The loom is one of the most amazing things. It takes about two full days to load the loom. But it takes many "man hours" to prepare the cloth that goes in to the loom. It is amazing to watch these strips of cloth go in and a rug come out. I have a rug made in this very loom.
The candle making demonstration is one of my favorites. We don't actually dip the candles but about two weeks out of the year to make samples to give our guests. The rest of the time, we just tell about it. Notice how the candles become more and more solid with each dipping. Thirty dips give you about thirty hours of burning time. But it doesn't unless the wick is straight. The amazing thing was that they had to keep the candles away from mice. They would put them in a wooden box and bury them, to keep them safe from the critters. It's easy to see why Abraham Lincoln would have read by firelight, candles took a lot of hard work to make.
This is the baking demonstration. To the very far right is the bustle oven, so named because it sticks out of the back of the home like a lady's bustle. They would light the fire in it and then make the bread dough. They would test the oven by sticking their arm in it. You can see the fire place. We actually make ash bread, but only the missionaries get to try it. The bread we give to visitors is made in the bustle oven. The crane keeps women from catching their skirts on fire, and that's quite an accomplishment as that was one of the greatest causes of death next to child birth in early pioneer women.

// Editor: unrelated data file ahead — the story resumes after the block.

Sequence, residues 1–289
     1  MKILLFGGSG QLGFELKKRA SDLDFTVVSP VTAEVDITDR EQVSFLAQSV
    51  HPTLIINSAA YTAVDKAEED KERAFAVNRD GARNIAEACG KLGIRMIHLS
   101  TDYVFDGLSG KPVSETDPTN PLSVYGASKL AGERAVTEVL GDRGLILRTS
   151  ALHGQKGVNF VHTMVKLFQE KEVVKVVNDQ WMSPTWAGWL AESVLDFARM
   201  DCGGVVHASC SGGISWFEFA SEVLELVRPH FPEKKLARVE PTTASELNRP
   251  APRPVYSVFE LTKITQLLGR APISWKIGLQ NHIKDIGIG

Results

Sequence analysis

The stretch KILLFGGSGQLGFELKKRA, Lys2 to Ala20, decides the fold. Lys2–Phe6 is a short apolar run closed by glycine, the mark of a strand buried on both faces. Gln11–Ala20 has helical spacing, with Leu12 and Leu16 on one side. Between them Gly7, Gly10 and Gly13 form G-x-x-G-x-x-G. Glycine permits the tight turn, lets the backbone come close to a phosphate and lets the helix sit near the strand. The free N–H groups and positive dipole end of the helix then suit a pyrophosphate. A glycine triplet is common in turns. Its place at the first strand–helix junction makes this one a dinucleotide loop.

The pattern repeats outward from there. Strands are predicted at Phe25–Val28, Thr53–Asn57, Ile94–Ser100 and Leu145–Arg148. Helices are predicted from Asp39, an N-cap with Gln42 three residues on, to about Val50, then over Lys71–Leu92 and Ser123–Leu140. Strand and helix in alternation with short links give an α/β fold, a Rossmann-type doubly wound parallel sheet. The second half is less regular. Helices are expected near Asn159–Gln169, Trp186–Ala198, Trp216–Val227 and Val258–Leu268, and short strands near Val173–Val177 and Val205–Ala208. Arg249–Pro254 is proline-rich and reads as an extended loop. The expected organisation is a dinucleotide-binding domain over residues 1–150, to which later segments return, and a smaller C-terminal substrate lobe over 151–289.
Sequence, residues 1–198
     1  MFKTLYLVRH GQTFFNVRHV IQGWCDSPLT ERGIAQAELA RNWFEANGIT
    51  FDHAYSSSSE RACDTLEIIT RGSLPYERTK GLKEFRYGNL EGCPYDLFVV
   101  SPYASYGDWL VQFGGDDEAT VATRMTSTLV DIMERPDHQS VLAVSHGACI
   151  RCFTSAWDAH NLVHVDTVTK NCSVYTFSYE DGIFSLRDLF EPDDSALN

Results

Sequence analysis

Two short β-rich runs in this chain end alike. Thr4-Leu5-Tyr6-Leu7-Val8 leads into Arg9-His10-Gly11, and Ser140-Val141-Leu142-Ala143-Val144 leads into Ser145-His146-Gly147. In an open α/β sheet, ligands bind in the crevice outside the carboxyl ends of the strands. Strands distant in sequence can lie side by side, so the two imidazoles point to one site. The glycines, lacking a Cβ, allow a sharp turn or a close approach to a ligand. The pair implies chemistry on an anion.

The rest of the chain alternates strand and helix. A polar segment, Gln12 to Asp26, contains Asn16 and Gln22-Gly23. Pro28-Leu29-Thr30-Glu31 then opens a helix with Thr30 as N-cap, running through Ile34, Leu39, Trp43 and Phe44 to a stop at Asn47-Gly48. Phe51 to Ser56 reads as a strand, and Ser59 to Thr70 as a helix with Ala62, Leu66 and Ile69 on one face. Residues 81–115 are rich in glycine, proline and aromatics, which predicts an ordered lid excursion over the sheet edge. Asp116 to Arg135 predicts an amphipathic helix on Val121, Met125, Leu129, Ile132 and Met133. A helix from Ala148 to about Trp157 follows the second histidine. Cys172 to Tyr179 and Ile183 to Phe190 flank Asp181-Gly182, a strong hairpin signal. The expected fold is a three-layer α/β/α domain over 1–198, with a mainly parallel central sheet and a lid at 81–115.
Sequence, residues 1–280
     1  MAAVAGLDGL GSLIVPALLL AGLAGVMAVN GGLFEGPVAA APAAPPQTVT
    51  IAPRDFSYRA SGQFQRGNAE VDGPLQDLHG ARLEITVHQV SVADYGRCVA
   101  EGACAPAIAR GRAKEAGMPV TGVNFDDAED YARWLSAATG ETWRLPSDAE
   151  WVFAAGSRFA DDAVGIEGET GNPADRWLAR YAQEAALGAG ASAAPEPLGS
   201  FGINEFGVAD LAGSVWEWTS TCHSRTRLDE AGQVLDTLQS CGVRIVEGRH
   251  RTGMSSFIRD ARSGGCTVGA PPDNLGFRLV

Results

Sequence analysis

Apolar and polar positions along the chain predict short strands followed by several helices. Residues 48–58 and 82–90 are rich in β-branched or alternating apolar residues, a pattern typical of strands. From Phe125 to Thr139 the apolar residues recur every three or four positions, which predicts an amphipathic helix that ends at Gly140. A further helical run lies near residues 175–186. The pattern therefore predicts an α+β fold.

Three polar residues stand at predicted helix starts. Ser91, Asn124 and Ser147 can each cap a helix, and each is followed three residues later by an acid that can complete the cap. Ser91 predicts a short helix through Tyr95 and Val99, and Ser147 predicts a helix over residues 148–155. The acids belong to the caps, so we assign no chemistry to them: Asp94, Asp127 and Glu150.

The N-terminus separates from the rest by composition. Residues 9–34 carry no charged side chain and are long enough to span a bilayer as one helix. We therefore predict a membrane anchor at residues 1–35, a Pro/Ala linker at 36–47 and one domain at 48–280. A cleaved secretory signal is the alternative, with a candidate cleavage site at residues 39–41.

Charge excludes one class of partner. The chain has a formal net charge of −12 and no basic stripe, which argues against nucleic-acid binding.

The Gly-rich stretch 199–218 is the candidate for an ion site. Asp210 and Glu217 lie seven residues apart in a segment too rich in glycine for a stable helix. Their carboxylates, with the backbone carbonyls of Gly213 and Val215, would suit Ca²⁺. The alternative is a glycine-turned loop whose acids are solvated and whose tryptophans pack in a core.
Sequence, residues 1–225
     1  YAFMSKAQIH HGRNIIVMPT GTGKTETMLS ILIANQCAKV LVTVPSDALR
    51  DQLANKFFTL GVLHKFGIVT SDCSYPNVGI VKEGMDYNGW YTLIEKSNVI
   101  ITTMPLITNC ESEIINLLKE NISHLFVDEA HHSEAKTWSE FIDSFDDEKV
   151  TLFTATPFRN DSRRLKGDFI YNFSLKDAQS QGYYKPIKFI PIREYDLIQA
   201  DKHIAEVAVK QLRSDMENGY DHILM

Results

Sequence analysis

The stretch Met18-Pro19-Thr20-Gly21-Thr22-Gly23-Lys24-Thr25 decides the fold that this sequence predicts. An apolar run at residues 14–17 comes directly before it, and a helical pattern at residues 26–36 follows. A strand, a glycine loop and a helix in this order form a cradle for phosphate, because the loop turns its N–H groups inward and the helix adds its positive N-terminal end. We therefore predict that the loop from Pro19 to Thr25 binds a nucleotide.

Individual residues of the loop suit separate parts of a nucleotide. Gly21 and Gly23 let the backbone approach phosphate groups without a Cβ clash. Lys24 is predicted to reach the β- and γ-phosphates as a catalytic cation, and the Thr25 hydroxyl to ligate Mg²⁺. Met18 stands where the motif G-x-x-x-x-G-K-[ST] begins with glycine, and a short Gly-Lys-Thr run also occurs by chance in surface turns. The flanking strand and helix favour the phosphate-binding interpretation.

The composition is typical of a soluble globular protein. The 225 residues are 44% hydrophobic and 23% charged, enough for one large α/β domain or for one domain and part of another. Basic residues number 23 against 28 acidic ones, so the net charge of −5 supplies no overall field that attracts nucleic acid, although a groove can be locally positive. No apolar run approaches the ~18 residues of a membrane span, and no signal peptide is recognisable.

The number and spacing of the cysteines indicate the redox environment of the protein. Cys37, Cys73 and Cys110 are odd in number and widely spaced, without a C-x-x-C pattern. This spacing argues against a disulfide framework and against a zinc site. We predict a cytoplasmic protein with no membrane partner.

This is the spinning and weaving demonstration. The only problem is there are only three missionaries authorized to use the spinning wheel, so when people come in, most of us just have to tell them about it. The gizmo on the table is a weasle. The song Pop Goes the Weasle actually came from this machine. When you get 50 feet of yarn on it, it pops so you know you have enough to sell. The frame to the right of the table demonstrates different ways the wool was dyed. One of those ways with cochineal, which is a bug. The "redcoats" against we fought for independence used that method of dying their clothing.